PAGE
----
The typical K-12 school system has the same basic security requirements as any modern university campus: centralized management and control of security systems and procedures, and strategies to avoid threats while protecting previous investments. In both cases, the latest Open-Architecture Physical Access Control System (PACS) solutions offer an infrastructure that is flexible, scalable and easily upgraded to enhance security and add capabilities without changing hardware.
Creating a future-safe foundation
A future-secure PACS infrastructure works with any access control software and add-on solutions ranging from parking gates to additional IT security. It requires a highly flexible and non-proprietary open-architecture framework with modern security protocols, technology interoperability, and open application programming interfaces (APIs) that enable hardware to integrate into any access control system software or security application.
Such an infrastructure ensures scalable, flexible and unified PACS and security management with a more streamlined operation workflow. Instead of monitoring various access controls, video surveillance, intrusion alarms and other programs, security personnel have centralized commands and controls. They can streamline daily activities and reporting and easily add or remove cardholders, adjust access fields and create access schedules and audit logs to investigate incidents. Non-refundable cards can be closed. Lockdown and emergency exit areas can be defined and activated instantly. It is also easier and less time consuming to train new security personnel in this integrated environment, which, from a cyber security standpoint, also makes firmware updates less intrusive.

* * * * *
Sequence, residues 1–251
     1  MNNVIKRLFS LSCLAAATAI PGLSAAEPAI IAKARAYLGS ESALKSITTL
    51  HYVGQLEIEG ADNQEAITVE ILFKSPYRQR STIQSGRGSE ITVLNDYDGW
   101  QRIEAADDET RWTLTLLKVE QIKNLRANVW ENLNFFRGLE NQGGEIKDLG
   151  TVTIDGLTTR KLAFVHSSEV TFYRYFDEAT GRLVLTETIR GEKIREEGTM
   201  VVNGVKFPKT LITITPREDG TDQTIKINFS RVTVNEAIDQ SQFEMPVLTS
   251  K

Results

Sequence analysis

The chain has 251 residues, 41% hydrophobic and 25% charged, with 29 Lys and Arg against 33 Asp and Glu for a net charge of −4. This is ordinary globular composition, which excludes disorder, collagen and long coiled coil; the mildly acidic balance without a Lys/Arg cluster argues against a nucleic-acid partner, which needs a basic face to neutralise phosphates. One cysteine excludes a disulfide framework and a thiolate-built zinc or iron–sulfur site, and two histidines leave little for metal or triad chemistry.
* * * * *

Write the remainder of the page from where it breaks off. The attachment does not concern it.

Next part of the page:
The path to this infrastructure often begins with the need for a single upgrade, such as adding a 4K security camera or replacing a physical badge with a mobile certificate used with a smartphone. Wherever the journey begins, the course offered at the K12 level is as remarkable as the most technologically advanced university.
The previous one
Before campus administrators can consider improved security and other capabilities, they must first tighten their existing infrastructure. This requires the ability to assess vulnerabilities and prioritize needs and plan a smooth transition to a more secure and adaptable PACS.
There was a time when campus security began and ended with doors, locks and keys. But even after they replace the key with a PACS and ID card, not every campus is ahead for security threats. Many still use the low-frequency 125 kHz-based communication card technology invented decades ago. This proximity – also known as proxies – transmits an encrypted RFID signal to the card only to a reader. All it takes is $ 30 cloning devices or as many copies of a stolen card for people to go to a key-making kiosk in a grocery store. The technology should have been replaced much earlier when more secure high-frequency card technology was introduced.
Although the process of tightening security at a university with many different systems may be more complicated than a closed K12 environment, each campus benefits from this future-secure PACS foundation. Budgets often come in phases, and this infrastructure supports incremental additions that can be implemented across an extended timeline without the need for hardware changes.
Three basic building blocks
The three PACS building blocks are the certificate (card and mobile), the reader and the panel. Each future must be secure so that administrators can deal with growing threats and add power if necessary.
Certificate offers should support multiple form factors and communication protocols. All high-frequency certificate choices should be based on peer-reviewed global standards and offer the necessary security features, such as secure messaging, and provide a smooth transition from weak legacy technology to modern and secure alternatives. The most secure options apply AES128 encryption, a secure channel to protect card data from man-in-the-middle attacks, and a random unique identifier (UID) to protect user privacy. Some alternatives go further to protect the identity data of a certificate through key variations, authentication signatures and encryption, and enable mobile and wearable form factors.